Communication and the capacity for listening have also deteriorated due to the entrenchment of positions that has become prevalent within anarchist circles in recent years. This entrenchment can be seen in the ongoing tendency to create categorical dichotomies: social anarchism vs. life-style anarchism, green anarchy vs. classical anarchism, and the like. The capacity to make distinctions and even complete breaks where necessary is important and must not be lost in some ecumenical haziness in which we all just embrace each other in an incoherent orgy of contradictory conceptions drained of meaning. But the capacity to make distinctions also means the capacity to recognize false dichotomies that serve no other purpose than to define one’s own ideological identity. In fact, there is much in the entrenchment of positions within the American anarchist milieu that parallels the functioning of identity politics. For example, there tends to be a hyper-sensitivity to words that are taken out of context and drained of meaning (recent discussions about the word “communism” provide a fine example). There is also a tendency to use labels to consign the “other” to a hostile ideological camp and end discussion in this way. A sad example is the way some people have begun to use “leftist” to label anyone who disagrees with them. In this way, the necessary harsh critique of the left loses its content and degenerates into a vacuous “anti-left” ideology that serves no other purpose than to silence one’s critics. If we are to ever discover where our real affinities and differences lie, we need to leave the safety of our entrenched positions, throw away our ideological filters, and actually listen to each other, sharing fierce but principled critiques and recognizing that since we are still living and the world is still changing, none of us has found the answer. We have so much we need to talk about, but it is useless to try if we cannot listen, if we only put up the radar for signals that help us place others and their ideas into our ideological categories. So among the anarchist projects worthy of effort is the revival of the fine art of listening that makes communication as peers possible. But this is not an easy task since it involves attacking one’s own entrenched positions as well as those of others.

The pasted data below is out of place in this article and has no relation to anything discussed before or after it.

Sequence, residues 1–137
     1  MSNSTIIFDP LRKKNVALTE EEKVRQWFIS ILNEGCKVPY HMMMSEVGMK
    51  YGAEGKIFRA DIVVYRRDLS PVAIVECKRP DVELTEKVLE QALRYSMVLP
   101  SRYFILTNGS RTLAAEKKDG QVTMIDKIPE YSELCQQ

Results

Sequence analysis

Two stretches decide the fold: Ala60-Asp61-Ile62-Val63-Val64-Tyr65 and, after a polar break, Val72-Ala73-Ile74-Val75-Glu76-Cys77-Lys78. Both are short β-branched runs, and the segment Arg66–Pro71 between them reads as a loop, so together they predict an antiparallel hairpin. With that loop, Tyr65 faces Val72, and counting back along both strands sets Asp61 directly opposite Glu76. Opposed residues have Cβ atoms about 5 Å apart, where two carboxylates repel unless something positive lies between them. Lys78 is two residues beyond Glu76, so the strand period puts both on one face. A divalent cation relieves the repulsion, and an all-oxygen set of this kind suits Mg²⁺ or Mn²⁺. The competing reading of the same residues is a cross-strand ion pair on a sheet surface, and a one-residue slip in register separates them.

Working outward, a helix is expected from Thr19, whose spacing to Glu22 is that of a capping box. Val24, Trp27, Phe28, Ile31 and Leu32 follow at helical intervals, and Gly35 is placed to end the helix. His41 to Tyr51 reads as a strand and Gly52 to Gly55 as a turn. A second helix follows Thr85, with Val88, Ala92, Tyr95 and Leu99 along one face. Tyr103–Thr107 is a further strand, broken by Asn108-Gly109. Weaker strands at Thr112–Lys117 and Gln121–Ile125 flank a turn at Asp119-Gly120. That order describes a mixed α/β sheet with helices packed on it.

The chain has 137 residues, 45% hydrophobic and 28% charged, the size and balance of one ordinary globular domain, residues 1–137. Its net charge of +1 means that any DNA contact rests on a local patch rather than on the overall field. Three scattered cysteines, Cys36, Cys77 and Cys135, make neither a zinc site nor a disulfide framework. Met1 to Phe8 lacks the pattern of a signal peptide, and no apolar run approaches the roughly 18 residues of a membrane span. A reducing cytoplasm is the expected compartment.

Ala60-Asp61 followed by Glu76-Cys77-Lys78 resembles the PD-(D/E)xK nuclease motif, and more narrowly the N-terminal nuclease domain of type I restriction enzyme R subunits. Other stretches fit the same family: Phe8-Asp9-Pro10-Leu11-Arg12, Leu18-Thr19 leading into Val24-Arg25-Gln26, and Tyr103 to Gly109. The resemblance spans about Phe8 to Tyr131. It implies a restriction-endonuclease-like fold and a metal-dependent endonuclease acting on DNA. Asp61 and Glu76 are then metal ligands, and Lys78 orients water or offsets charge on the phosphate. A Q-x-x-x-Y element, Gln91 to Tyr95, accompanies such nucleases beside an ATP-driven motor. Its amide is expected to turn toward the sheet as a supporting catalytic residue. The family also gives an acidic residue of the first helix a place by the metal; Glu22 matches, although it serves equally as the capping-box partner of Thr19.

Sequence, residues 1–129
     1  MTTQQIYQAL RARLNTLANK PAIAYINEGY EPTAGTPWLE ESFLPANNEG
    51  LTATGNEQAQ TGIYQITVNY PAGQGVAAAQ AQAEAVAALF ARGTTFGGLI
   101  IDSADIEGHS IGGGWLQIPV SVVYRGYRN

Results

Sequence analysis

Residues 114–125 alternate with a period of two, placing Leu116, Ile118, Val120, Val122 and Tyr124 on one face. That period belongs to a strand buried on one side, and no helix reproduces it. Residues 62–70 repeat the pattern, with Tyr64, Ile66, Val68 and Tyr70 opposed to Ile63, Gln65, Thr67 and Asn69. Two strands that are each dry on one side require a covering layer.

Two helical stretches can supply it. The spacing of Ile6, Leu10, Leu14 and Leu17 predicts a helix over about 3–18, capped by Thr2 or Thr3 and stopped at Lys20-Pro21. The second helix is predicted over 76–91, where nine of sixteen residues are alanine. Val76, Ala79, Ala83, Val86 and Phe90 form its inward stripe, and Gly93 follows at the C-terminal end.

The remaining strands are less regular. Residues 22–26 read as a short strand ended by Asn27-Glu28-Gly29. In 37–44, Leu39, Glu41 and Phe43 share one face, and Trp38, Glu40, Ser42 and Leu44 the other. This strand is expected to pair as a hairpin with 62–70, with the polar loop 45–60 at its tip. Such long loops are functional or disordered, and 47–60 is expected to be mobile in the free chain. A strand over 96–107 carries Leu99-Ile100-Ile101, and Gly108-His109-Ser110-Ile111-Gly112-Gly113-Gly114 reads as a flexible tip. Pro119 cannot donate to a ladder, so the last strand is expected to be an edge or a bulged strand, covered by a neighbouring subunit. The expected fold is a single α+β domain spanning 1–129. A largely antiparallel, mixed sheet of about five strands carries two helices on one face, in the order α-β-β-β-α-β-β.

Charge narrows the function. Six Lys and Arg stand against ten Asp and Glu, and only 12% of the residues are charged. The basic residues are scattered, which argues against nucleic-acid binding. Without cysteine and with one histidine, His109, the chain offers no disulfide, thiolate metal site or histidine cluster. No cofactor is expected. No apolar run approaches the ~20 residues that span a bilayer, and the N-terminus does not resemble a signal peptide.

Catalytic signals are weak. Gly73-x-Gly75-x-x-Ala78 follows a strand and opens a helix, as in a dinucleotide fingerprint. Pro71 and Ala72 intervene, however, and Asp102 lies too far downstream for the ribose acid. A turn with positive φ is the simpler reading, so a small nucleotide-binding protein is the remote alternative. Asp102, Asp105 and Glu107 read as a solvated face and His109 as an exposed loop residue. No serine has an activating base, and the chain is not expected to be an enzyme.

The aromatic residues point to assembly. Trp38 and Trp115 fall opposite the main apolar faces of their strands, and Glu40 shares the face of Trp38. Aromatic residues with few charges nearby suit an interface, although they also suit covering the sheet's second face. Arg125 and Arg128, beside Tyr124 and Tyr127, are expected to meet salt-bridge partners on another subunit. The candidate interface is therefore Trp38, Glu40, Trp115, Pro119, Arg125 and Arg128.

Communication is hard enough where the art of listening has been nurtured. A few words are never enough to express all that a person has to say. The passionate reasons that goad one into action cannot fit into a few lines on a few pages. In fact, an endless flow of words would still not be enough to express it all. But the point is not to express it all in words; the point is to leave a clue, a verbal finger pointing toward the moon of one’s ideas and dreams that says just enough to find accomplices in the crime of freedom. Unfortunately, these days most people only “think” from the entrenched positions of their confused ideological conceptions and contradictory dogmas, and so one cannot expect to be understood by very many. From such confinement, most can only see the pointing finger. But the few who can think and feel and dream outside of every ideological fortress may be able to hear these words and respond with comprehension, critically, their eye upon the moon. And maybe a few critical voices, striving fiercely for clarity, will be able to break through the entrenched positions, and the art of listening will make real discussion a possibility again.
>>> the text found at the blog “From Politics to Life”